Wednesday, July 17, 2013

Previewing Summer 2014: After a summer of big-budget successes and failures, will it be a return to normalcy in 2014?

This article was written in response to The Hollywood Reporter's July 17 article: "Too Many Tentpoles: Hollywood's Homegrown Summer Movie Crisis"

The summer is usually the season for executives to be happy. They put out a ton of big-budget tentpoles, typically three or four per studio, and they all make hundreds of millions of dollars worldwide. Summer 2013 has been no different. Disney's Iron Man 3 ($1.2 billion) and Monsters University ($475 million), Universal's Fast and Furious 6 ($704 million) and Despicable Me 2 ($477 million and counting), Warner Bros.' Man of Steel ($619 million), The Hangover Part III ($347 million) and The Great Gatsby ($326 million), and Paramount's Star Trek Into Darkness ($447 million) and World War Z ($424 million) have all been huge successes for their respective studios. Would you be surprised if I told you that those films made up less than half of the nationally released summer films so far? Because it's the truth.

The market has really been thriving this summer season. Along with those big-budget tentpoles that I just listed, there have been a ton of smaller hits like Summit's Now You See Me ($186 million), Universal's The Purge ($76 million), Sony's This is The End ($97 million), and Fox's The Heat ($130 million). So with all of those smaller films raking in cash, and the tentpoles destroying the box office worldwide, what could possibly be going wrong in a summer like this? Well, there are just too many tentpoles.

The Hollywood Reporter just did something like this earlier today, so this is sort of my response to that. Here's the link to that article. There are too many films in the marketplace, and too many of them are expensive. The tentpoles I listed in the paragraph above were mostly guaranteed hits and two of them that were not will certainly become franchises (WWZ and Man of Steel). However, with all that franchise power, and some smaller films that work effectively as counterprogramming, where is the room for original films at the multiplex? There isn't. After Earth was the first major bomb of the summer with only $214 million worldwide and a big budget, but even that wasn't the worst. White House Down effectively became the second bomb for Sony (After Earth's studio) and has only made a paltry $83.4 million worldwide. Would you be shocked if I told you that $83.4 million on a $150 million budget wasn't the worst to come? Yeah, you probably would, but it happened with Disney's The Lone Ranger which has made $120 million on a $250 million budget. Now, Pacific Rim is struggling and R.I.P.D. and Turbo are looking to be in trouble, and insiders are wondering: with all the success and failure of this summer, where are we going next?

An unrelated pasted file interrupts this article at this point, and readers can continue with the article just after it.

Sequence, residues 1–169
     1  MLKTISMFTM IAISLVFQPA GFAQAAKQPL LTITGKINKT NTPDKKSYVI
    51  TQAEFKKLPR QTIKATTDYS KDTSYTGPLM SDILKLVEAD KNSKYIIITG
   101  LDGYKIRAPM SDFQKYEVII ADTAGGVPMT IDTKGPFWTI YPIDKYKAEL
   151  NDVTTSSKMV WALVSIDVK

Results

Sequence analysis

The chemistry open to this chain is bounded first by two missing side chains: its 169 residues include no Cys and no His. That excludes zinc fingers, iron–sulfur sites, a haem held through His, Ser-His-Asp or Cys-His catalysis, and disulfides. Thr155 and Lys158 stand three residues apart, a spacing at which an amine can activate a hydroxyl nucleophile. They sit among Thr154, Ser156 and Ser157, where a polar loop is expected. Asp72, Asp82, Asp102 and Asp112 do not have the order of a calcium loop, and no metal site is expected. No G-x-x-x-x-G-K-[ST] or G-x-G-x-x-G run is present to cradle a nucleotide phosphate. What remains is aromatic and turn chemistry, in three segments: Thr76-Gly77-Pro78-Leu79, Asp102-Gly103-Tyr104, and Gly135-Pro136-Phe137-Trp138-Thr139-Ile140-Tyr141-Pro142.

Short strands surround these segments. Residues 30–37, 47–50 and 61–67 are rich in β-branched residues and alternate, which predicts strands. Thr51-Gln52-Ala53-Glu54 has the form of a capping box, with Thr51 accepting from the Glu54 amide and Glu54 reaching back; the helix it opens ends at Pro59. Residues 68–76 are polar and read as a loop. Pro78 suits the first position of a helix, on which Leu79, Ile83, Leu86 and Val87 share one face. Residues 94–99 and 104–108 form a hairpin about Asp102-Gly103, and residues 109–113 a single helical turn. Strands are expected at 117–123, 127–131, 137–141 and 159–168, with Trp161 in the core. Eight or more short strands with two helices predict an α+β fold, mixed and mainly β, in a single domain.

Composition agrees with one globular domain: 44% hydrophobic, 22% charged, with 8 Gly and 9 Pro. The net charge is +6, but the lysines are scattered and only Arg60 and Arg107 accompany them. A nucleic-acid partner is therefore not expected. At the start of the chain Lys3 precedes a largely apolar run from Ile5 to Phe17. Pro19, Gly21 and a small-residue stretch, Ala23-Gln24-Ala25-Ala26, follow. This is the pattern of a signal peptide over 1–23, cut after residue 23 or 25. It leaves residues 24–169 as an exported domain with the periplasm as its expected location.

Well, before I delve into next summer's slate, I'll put some predictions out there for what lessons the studios will have learned after this massive summer

- One tentpole a week

As Warner Bros. learned with The Hangover Part III and Disney learned with The Lone Ranger, when you are going up against an established franchise film that is aiming at the same demographic, move your sorry butt to another weekend when you can make more money. I'm telling you people, this three-tentpole a week system is never going to work again. One a week, please. On a side note, this week sees four major releases.

-Original films get a maximum budget of $125 million, unless you're a superhero reboot

Look, White House Down would still be a flop if Columbia had dropped the budget and The Lone Ranger would still lose money. But Pacific Rim? If they could make that for $125 million instead of $200 million, who knows, maybe there's a Pacific Rim 2? But seriously Hollywood, leave the $250 million budgets to Nolan, Harry Potter and The Avengers.

- Spread out your tentpoles over different months and seasons

Look, if The Hunger Games proved one thing, it's that you can still have a massive franchise released in a season other than the summer and winter. Hollywood needs to take that and embrace that. If The Lone Ranger comes out in August, maybe it does better. Look, we need to stop looking at August as the dumping ground for crappy films and start looking at it as a place where legitimate summer tentpoles can be released. If Bourne and Rise of the Planet of the Apes can do it, why can't an original property thrive.

-Counter-programming is the key to success

Look, Hollywood needs to start appealing to people other than males in the summer. Everyone has said it. Women and thinking adults want to go to movies in the summer as well. There's nothing wrong with a good summer blockbuster. I'm not saying that (I love Fast and Furious 6, World War Z, Iron Man 3, and liked Star Trek Into Darkness), but eventually it becomes time for something else. Something a bit more substantial. That's why I'm excited to see The Way, Way Back. That's why I can't wait for Fruitvale Station. And the same thing can be said for the fall months, just the other way around. Why do all the movies have to be Oscar contenders?